Since 2020, U.S. inflation rates have soared higher than at any point in the last four decades, reaching as high as 9.1 percent in June of 2022. This growth has slowed over the last year; however, September 2023’s rates were still at 3.7 percent.
Prior to the COVID-19 pandemic, the annual rate of inflation was 1.8 percent.
The causes of the past few years’ high inflation rates can largely be traced back to the COVID pandemic. The global issue of supply chain bottlenecks during the pandemic are slowly beginning to ease, and the labor market is also slowly correcting itself. The high wages employers offered in an effort to entice employees back to work are evening out, and the labor demand and labor supply are incrementally coming back into balance.
Shelter is the largest contributor to the current inflation rates, accounting for over half the overall increase. The gasoline index also rose, followed by energy and food rates. Residents of all income levels are forced to adjust their spending in these critical areas, but those families considered low- to middle-income, or LMI, are being hit hardest.
While residents across all income groups reported shopping at different stores with lower prices, eating at restaurants or ordering in less often, and delaying major purchases, the LMI group indicated they are also purchasing less fresh fruit and meat, lowering their utility usage, asking friends and family for help, and accepting benefits from charities.
Adding to this is inflation inequity, the gap in inflation rates between rich and poor individuals. While all groups cut down on luxury goods, LMI families spend most of their household income on necessities such as food and heat. When the prices of those critical items rise, these residents are more affected as they spend more to maintain the same lifestyle.
But what happens when an LMI household is hit by an economic shock, or large, unexpected expense?
Even before this crushing inflation growth, 11.5 percent, or nearly 40 million Americans, were living in poverty. More than 20 million live in severe poverty with an income of $13,740 or less for a family of four.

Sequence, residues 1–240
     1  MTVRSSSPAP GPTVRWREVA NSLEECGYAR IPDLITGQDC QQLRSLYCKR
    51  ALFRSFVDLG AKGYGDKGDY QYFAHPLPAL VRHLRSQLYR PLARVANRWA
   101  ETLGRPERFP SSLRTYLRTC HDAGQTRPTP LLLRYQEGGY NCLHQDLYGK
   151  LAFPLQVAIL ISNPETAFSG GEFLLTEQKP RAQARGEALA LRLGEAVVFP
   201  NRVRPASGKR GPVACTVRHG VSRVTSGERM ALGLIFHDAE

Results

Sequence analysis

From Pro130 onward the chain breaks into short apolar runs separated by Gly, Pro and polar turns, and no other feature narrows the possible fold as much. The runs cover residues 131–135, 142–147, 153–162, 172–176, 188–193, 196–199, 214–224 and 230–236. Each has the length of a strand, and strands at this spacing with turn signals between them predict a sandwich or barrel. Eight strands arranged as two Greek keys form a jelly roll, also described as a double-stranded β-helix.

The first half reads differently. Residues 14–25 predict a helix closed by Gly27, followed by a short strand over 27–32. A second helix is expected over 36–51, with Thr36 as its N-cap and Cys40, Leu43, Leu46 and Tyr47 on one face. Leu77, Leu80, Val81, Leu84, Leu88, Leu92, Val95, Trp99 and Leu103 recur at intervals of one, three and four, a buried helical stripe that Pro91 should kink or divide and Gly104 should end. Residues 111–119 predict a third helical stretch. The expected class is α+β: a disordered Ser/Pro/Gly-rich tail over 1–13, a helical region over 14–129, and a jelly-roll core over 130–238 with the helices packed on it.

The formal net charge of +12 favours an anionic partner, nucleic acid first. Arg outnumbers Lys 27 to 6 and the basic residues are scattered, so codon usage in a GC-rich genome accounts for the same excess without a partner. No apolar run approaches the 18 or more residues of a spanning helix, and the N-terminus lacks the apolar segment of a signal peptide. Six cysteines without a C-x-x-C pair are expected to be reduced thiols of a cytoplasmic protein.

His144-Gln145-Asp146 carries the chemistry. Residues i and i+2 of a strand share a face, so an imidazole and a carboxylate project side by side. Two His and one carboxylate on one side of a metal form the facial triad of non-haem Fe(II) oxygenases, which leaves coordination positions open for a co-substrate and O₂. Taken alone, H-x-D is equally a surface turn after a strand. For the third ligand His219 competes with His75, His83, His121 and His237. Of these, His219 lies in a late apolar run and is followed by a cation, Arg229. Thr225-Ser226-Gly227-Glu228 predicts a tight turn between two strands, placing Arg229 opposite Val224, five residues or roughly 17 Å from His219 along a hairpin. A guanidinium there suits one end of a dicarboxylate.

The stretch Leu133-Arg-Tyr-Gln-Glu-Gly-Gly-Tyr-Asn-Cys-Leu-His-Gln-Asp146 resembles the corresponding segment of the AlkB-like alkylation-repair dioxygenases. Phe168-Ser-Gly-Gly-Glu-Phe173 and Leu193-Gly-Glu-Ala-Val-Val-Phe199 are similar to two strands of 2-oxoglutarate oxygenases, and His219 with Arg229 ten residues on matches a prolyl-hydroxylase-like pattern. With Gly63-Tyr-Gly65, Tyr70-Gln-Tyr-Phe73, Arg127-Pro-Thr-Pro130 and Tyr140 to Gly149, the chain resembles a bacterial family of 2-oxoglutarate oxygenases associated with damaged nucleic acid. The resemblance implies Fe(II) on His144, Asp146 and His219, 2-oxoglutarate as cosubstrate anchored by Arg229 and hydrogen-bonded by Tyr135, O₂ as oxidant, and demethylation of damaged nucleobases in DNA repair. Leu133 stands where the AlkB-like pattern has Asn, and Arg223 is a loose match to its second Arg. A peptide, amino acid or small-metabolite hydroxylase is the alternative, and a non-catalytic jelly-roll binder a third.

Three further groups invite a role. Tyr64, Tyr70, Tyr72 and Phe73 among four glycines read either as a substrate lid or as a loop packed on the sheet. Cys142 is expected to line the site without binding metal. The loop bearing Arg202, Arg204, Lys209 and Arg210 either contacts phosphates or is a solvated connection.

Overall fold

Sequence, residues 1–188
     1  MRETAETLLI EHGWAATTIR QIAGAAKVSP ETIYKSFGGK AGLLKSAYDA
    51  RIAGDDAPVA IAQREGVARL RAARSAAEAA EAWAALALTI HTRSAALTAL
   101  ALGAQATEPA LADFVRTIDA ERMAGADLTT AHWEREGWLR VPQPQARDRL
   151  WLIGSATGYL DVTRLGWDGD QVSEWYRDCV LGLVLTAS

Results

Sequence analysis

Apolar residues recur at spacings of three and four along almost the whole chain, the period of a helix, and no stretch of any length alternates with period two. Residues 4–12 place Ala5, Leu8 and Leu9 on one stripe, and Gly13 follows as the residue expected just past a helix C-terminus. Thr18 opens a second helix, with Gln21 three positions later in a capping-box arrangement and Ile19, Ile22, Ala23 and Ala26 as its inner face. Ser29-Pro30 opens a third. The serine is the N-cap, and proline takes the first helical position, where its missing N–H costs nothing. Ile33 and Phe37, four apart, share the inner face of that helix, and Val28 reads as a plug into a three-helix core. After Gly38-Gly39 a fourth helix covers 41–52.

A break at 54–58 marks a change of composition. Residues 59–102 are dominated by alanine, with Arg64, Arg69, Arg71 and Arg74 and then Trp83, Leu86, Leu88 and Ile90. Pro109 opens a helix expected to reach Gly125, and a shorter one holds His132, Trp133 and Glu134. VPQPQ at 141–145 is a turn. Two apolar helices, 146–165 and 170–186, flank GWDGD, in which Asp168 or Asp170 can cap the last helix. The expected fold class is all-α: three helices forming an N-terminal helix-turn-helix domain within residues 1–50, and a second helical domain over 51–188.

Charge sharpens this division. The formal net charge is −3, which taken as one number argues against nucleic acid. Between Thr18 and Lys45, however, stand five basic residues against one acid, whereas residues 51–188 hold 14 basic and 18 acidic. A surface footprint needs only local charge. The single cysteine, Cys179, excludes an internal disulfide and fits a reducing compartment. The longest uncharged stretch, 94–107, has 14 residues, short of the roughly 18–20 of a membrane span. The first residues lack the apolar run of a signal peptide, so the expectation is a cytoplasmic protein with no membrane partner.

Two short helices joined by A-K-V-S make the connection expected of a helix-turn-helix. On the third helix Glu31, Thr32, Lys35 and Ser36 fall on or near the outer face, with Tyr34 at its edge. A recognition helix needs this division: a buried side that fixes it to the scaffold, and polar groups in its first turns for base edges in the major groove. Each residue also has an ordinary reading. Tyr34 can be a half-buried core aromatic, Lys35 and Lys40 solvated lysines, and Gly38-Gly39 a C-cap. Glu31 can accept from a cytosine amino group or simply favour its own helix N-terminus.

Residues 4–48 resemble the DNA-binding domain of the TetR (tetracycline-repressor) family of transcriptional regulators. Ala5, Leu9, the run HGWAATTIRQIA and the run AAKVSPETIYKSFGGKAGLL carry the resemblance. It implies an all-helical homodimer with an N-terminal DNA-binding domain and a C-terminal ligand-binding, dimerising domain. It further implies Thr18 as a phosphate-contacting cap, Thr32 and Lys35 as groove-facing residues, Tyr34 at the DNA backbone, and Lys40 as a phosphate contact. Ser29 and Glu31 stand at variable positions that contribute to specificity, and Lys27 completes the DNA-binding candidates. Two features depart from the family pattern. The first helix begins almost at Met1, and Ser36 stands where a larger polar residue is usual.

According to the Federal Reserve Bank of St. Louis, 85.7 percent of individuals earning an annual income of less than $50,000 reported that they are “significantly stressed” by the rising prices. Across all demographics, 57 percent of U.S. adults are uncomfortable with the amount of emergency savings they have put aside, while 22 percent have no emergency savings at all to weather an economic shock like a broken water or sewer line.
As a municipal official, there’s very little, if anything, that can be done to help these residents.
This is where the NLC Service Line Warranty Program can help municipal officials shield their residents from the financial shock of an unexpected home repair that impacts their daily quality of life. The program prepares residents by educating them about their service line responsibilities in tandem with partner communities, at no cost to the municipality. In addition, the program offers a completely optional warranty program at an affordable price.
Plan holders have access to a repair hotline 24/7/365 and a nationwide network of pre-vetted, licensed and insured contractors. When a plan holder has an issue, they make one call, and the program dispatches a qualified contractor to their home. There are no call-out fees or deductibles, and the program pays network contractors directly, so there is no need for the resident to pay out of pocket and wait for reimbursement.
To learn how municipalities and the program can work together to shield residents from yet another unexpected expense, contact us.